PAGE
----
Quitting Russian Coal: Japan Struggles To Make Good on Its Promise

October 25, 2022|Coal

Six months ago, Prime Minister Kishida vowed that Japan would ban Russian coal imports, aligning the nation with G7 allies in sanctions over the war in Ukraine. Actually following through with the order, however, is proving complicated.

Japan’s purchases of Russian coal are down almost 40% since April. While imports fell significantly in the months after Kishida’s statement, volumes increased in summer. By August, Russian coal imports recovered to more than two-thirds of the level a year earlier.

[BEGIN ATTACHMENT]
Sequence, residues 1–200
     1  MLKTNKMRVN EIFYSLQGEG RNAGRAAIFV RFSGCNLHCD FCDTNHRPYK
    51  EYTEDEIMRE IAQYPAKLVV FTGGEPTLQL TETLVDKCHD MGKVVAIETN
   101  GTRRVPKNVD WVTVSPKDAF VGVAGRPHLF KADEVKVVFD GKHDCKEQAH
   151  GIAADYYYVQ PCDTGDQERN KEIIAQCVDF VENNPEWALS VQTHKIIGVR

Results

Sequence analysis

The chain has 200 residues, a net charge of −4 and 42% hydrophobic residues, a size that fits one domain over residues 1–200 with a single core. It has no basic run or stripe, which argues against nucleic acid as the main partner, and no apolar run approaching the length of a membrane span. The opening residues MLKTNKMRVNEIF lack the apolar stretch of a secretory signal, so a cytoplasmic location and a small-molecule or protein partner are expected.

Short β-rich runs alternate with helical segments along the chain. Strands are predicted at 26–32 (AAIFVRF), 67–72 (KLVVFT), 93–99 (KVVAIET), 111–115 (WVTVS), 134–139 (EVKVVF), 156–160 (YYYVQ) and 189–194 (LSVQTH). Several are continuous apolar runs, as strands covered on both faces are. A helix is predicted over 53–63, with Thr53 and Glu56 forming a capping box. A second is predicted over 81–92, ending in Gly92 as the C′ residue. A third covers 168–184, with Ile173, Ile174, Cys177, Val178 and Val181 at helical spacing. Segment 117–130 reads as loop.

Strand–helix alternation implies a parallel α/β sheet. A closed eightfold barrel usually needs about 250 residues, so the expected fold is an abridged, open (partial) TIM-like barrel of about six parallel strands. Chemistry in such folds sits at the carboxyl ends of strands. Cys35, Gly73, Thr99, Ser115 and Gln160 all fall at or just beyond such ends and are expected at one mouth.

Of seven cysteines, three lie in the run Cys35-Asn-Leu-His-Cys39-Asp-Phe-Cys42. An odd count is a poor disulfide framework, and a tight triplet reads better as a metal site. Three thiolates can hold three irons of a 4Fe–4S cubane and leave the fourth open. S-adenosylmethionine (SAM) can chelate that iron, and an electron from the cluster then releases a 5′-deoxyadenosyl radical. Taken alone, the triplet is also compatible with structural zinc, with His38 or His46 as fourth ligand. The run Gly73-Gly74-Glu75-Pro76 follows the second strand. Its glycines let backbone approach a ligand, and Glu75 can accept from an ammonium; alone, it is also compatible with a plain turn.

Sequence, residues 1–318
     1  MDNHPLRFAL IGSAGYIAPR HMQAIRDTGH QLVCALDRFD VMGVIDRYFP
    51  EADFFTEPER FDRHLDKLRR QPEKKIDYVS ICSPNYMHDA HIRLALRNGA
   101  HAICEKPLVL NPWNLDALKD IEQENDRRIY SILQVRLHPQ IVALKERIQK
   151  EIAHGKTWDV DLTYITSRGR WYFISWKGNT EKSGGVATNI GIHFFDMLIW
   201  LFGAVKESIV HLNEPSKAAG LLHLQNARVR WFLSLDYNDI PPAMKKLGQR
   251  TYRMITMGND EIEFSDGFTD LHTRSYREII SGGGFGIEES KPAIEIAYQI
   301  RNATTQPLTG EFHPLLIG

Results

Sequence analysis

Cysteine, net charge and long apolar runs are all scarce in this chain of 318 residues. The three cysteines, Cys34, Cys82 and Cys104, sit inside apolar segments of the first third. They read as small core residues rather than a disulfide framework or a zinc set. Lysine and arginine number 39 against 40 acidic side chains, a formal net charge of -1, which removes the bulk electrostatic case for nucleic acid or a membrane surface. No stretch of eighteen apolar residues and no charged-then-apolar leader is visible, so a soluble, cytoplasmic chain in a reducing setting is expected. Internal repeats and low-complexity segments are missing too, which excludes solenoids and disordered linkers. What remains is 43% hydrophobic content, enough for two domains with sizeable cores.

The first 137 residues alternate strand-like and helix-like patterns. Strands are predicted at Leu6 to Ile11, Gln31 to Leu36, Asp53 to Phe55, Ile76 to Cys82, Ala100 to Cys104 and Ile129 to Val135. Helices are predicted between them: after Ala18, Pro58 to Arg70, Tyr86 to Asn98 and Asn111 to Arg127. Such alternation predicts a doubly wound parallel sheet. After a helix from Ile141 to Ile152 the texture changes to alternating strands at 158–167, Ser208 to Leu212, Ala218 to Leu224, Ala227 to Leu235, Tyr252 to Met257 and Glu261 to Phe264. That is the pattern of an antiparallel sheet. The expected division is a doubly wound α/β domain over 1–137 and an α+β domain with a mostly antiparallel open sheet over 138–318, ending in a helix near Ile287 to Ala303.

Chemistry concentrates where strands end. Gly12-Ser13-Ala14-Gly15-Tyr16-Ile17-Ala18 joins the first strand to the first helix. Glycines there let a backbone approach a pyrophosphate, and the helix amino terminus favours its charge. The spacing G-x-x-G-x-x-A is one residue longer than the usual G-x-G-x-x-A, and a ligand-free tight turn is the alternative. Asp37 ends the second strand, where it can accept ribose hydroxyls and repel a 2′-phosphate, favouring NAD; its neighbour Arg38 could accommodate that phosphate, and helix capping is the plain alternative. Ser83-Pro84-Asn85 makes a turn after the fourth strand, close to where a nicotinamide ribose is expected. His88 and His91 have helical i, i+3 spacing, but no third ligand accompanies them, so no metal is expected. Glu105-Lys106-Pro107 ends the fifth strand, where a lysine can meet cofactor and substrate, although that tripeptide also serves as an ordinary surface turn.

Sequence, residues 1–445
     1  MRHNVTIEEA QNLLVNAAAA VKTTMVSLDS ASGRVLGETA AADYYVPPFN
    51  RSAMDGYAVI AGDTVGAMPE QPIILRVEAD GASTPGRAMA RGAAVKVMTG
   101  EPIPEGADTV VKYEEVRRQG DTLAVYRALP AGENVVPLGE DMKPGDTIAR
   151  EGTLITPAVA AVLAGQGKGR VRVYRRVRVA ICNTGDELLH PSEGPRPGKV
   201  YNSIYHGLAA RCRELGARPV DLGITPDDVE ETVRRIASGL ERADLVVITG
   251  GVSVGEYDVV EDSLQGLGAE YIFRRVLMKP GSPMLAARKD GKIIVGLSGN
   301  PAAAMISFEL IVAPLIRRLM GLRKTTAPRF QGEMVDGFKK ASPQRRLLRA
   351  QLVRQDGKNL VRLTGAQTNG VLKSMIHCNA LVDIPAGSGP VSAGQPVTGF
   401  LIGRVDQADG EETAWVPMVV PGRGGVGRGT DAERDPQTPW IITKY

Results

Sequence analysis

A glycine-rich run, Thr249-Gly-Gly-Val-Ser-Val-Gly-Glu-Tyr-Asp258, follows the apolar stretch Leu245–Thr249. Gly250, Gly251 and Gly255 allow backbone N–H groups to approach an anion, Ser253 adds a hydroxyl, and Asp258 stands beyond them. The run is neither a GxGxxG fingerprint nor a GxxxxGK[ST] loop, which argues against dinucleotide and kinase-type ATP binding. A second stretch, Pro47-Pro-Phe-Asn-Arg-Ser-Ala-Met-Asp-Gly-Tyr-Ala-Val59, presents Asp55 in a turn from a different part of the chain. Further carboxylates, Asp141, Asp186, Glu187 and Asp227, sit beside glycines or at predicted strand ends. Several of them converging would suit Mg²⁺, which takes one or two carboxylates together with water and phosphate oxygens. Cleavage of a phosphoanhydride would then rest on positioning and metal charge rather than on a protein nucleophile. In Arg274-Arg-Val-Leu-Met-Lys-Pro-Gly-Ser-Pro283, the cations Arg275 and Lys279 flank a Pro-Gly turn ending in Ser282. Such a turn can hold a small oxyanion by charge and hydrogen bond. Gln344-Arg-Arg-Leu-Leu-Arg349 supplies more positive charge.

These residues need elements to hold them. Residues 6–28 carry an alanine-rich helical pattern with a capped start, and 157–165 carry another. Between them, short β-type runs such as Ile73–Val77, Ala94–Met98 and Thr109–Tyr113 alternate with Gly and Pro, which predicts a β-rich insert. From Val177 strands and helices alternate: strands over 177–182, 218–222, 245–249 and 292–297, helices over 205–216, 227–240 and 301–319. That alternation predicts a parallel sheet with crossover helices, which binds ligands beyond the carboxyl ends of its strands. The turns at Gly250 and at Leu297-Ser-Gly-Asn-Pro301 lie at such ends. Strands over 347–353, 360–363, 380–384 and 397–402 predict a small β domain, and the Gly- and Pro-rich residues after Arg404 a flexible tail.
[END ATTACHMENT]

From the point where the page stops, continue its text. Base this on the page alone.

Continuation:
As western allies seek to disengage from Russian energy, the realities of doing so are hitting hard. The global coal market is in an extreme flux. Prices have jumped to unbelievable records, and that hasn’t even dampened demand as nations including Japan look to coal to guarantee power and heating this winter amid natural gas shortages.

While Russia boosts energy sales to China and India, though at discounted prices, the leverage of G7 allies is diminishing. Japanese utilities have certainly engaged with providers elsewhere to potentially replace Russian coal volumes, but logistics and coal grades are not easily interchangeable. So, can Japan make good on Kishida’s pledge?

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